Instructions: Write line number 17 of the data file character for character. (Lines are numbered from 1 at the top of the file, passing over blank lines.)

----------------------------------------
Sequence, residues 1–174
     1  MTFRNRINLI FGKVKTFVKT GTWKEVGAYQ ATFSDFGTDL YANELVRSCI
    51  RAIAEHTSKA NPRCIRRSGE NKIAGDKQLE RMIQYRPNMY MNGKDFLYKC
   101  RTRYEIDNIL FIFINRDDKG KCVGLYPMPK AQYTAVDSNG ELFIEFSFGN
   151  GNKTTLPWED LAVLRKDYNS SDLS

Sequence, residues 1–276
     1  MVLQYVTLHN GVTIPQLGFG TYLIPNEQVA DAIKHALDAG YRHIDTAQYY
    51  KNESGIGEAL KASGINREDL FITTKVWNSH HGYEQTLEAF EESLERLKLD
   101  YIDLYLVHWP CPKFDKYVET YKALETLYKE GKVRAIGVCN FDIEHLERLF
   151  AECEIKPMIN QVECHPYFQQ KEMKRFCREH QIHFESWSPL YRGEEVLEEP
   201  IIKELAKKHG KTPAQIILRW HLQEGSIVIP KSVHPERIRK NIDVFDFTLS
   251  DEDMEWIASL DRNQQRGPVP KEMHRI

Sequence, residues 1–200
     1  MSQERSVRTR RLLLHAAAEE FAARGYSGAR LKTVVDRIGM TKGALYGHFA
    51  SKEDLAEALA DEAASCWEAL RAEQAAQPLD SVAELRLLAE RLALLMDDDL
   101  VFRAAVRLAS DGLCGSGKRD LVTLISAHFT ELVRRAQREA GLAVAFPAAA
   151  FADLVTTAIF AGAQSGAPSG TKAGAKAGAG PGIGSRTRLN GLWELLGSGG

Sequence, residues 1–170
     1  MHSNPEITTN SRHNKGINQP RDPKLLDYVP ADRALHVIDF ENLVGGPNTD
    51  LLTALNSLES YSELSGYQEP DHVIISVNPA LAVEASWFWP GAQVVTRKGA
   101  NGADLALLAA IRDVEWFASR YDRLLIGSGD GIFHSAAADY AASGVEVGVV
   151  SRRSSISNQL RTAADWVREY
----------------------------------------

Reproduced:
   151  FADLVTTAIF AGAQSGAPSG TKAGAKAGAG PGIGSRTRLN GLWELLGSGG